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Men’s Basketball Falls to Cornell and Columbia

2.1.16

Weisner Perez '19 hit a pair of second-half threes and scored a total of 10 points to keep Harvard in the game against Columbia.
Photographs by Gil Talbot/Harvard Athletic Communications


Weisner Perez '19 hit a pair of second-half threes and scored a total of 10 points to keep Harvard in the game against Columbia.
Photographs by Gil Talbot/Harvard Athletic Communications

Tommy McCarthy '19 (shown here against Columbia) scored 16 points and dished out eight assists against Cornell on Friday in one of his strongest performances of the season.
Photographs by Gil Talbot/Harvard Athletic Communications


Tommy McCarthy '19 (shown here against Columbia) scored 16 points and dished out eight assists against Cornell on Friday in one of his strongest performances of the season.
Photographs by Gil Talbot/Harvard Athletic Communications

With 33 points and 16 rebounds last weekend, Zena Edosomwan '17 anchored Harvard's front line, as he has done all season.
Photographs by Gil Talbot/Harvard Athletic Communications


With 33 points and 16 rebounds last weekend, Zena Edosomwan '17 anchored Harvard's front line, as he has done all season.
Photographs by Gil Talbot/Harvard Athletic Communications

Last weekend, former Harvard men’s basketball players descended on Cambridge for the team’s annual alumni reunion, and the memories—aided by a few beers at John Harvard’s—were flowing.

There was talk of the ’47-’48 squad that nearly knocked off perennial powerhouse Michigan State. Alumni from the late eighties recalled competing against Stemberg head coach Tommy Amaker when he played for Duke. And then there were the banners—five of them—commemorating a half-decade of Ivy League championships.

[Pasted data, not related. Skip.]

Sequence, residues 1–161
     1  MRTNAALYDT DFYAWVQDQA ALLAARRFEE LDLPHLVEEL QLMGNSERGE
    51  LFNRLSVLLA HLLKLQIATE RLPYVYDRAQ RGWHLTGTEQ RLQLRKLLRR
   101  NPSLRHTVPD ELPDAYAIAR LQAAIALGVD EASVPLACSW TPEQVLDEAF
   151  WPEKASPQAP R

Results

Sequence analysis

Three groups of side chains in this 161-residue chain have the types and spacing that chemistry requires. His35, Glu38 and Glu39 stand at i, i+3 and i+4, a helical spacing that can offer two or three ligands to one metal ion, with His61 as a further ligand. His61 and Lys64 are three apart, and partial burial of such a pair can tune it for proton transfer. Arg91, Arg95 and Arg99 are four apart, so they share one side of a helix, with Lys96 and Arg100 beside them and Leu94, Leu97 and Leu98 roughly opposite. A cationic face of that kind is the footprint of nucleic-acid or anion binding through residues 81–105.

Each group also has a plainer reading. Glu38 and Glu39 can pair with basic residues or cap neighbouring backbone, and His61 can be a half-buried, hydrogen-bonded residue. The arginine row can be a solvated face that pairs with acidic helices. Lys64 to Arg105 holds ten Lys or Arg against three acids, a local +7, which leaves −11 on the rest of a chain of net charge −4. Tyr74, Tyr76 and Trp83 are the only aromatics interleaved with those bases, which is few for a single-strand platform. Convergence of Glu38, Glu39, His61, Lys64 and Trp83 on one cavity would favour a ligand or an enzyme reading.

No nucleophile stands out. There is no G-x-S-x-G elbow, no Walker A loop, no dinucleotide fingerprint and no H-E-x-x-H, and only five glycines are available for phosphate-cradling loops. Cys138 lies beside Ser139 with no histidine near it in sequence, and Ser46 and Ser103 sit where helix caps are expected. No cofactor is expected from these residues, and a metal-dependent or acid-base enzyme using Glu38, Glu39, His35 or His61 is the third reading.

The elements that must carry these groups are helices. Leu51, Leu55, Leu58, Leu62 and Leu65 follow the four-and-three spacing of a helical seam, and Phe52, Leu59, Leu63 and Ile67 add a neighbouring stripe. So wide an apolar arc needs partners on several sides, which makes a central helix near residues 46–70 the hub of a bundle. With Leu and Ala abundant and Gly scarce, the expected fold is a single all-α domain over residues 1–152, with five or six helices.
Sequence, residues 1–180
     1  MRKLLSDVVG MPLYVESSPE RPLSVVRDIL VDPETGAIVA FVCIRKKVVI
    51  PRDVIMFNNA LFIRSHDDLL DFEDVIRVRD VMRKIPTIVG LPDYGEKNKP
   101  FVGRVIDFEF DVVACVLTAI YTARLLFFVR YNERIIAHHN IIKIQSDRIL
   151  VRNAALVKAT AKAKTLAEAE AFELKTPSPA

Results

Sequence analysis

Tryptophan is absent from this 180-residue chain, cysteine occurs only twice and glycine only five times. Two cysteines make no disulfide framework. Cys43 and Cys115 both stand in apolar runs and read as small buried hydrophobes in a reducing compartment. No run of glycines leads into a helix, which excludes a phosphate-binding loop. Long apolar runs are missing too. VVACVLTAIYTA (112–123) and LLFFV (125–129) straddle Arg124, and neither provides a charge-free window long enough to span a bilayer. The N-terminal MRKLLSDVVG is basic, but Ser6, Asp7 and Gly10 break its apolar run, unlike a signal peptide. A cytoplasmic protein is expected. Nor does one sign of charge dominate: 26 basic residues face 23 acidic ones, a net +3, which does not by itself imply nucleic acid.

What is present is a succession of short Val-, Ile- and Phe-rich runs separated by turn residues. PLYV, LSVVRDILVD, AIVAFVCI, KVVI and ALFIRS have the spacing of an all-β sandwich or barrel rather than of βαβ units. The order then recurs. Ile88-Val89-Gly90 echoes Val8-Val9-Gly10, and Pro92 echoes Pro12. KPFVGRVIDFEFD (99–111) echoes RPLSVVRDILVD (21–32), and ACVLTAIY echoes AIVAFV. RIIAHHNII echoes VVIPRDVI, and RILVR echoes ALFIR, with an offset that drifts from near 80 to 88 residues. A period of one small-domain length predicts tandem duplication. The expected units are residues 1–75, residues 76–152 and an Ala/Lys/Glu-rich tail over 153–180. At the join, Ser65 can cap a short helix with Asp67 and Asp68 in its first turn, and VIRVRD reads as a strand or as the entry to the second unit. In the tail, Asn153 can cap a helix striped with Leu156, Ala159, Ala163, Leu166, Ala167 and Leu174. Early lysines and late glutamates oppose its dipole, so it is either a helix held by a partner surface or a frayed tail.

The current team will likely not continue that streak. The Crimson lost to Cornell 77-65 on Friday and then fell to Columbia 55-54 on a buzzer-beater on Saturday. That dropped the squad to 9-11 overall, 1-3 Ivy—three games out of first place with just 10 regular season contests to go.

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Desperate Balance

Heading into January's final weekend, senior Evan Cummins said that the team, coming off a loss to Dartmouth a week earlier, had to play with a sense of desperation. Amaker stopped short of using that word, but did emphasize that, over a long season, it is important to combine urgency with execution, attention to detail, and, above all, a commitment to competing for 40 minutes a game.

But the Crimson struggled to strike that balance. Against Cornell, Harvard trailed by 15 points at halftime, and its 18-2 run to start the second half merely got the team back in the game. The first-half offensive struggles, when Harvard missed a number of easy shots, seemed to affect its signature strength, its defense.

Saturday’s game against the Lions was a similar tale of two halves. This time, Harvard jumped out to a 33-17 lead at halftime, but the Lions outscored the Crimson by 17 points in the second half when star center Zena Edosomwan ’17 was hobbled by a knee injury. Following the game, Amaker noted that the Crimson’s forceful start on Saturday reflected its character. But the players failed to hold their 16-point halftime lead—continuing a season-long struggle to compete consistently for a full game.

A Resurgent League

When the Lions retreated to the visitor’s locker room at halftime on Saturday, Columbia coach Kyle Smith lit into his players, telling them that he had never won at Harvard and that, as senior Alex Rosenberg recalled shortly after hitting the game-winning shot, it was “do or die time.” This was a coach trying to fire up his players. But it also displays a broader sentiment across the league: after seeing Harvard win five consecutive conference titles, other Ivy teams want to beat them.